My Old Man and the Mountain is an excellent book. It's full of comedy and insight, as well as mountain action and tragedy. It is definitely a volume worth adding to your mountaineering library...

--Jason D. Martin


Monday, July 31, 2017

Funny Climbing Quotes

Climbing is a sport rife with literary characters who have said some very funny things. With the help of this website, I was able to come up with a nice list of quotes. Here are some great one liners:

"A climber's day always starts at the crux: getting out of bed." -- Unknown

"I don't want to write about climbing; I don't want talk about it; I don't want to photograph it; I don't want to think about it; all I want to do is do it." -- Chuck Pratt
"One method of getting loved ones to look more fondly on your climbing is to tell them that since you've started climbing you hardly do drugs anymore." -- David Harris

"There is no difference between religion and politics. Both involve lies and fanatical beliefs that generaly defy logic... Just like rock climbing." -- David Schuller

"To qualify for mountain rescue work, you have to pass our test. The doctor holds a flashlight to your ear. If he can see light coming out the other one, you qualify." -- Willi Pfisterer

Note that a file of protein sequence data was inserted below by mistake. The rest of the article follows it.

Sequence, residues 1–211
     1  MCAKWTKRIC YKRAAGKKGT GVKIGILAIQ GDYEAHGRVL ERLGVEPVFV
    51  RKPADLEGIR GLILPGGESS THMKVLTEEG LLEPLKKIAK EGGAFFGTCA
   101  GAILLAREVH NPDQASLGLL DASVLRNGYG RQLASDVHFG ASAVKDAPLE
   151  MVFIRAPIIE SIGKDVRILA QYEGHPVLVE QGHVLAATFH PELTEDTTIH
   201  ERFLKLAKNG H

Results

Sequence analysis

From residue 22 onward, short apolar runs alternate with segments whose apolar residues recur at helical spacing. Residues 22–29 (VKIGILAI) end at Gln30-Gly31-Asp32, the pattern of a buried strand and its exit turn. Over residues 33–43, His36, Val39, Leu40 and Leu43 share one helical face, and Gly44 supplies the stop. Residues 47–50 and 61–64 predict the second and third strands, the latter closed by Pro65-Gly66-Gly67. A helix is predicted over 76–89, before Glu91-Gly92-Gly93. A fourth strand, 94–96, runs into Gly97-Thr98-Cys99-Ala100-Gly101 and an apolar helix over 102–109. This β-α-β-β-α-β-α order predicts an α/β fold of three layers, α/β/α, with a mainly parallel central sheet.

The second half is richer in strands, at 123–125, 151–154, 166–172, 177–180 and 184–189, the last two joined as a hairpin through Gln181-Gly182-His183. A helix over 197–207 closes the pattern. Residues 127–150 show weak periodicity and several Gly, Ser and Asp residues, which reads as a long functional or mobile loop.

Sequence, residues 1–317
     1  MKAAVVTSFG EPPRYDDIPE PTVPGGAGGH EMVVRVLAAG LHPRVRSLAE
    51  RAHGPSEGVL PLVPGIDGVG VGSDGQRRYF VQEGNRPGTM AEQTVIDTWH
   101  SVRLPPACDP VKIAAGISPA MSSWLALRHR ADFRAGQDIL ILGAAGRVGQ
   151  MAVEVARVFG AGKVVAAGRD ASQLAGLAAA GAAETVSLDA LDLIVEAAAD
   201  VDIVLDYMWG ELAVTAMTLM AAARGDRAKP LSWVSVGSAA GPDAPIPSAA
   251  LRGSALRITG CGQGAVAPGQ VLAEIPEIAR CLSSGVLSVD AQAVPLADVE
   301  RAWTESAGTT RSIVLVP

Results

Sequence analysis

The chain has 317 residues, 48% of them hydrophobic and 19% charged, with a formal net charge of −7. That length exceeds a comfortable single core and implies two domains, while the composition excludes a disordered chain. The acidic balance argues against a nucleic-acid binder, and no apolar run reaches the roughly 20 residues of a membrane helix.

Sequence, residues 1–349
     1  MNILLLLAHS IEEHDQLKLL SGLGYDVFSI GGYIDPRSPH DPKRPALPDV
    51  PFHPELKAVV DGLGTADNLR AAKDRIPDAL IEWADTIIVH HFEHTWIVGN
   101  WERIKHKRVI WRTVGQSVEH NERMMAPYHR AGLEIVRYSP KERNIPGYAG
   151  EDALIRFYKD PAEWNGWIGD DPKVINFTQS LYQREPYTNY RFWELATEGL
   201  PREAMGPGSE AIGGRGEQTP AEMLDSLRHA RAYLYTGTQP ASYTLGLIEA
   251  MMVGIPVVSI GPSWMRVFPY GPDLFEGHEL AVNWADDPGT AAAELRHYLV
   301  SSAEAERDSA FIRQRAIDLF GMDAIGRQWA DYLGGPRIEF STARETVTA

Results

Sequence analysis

--It's pretty common for people on the internet to talk about how they're great climbers. We often refer to this as spray. Dawn Alguard had a great response to such an individual on the rec.climbing google website:

"Here's the thing. You'd like to talk about yourself and what swell stuff you've climbed lately. Well, who wouldn't ? As it turns out, we have a format in which that sort of spray is acceptable. It's called a TR. In a TR, every other word can be 'I' and the words in between can be numbers representing how rad you are, though it's a time-honored tradition to throw in a few sentences about how afraid you were that you *weren't* going to [insert heroic deed here] before getting to the part about how you do.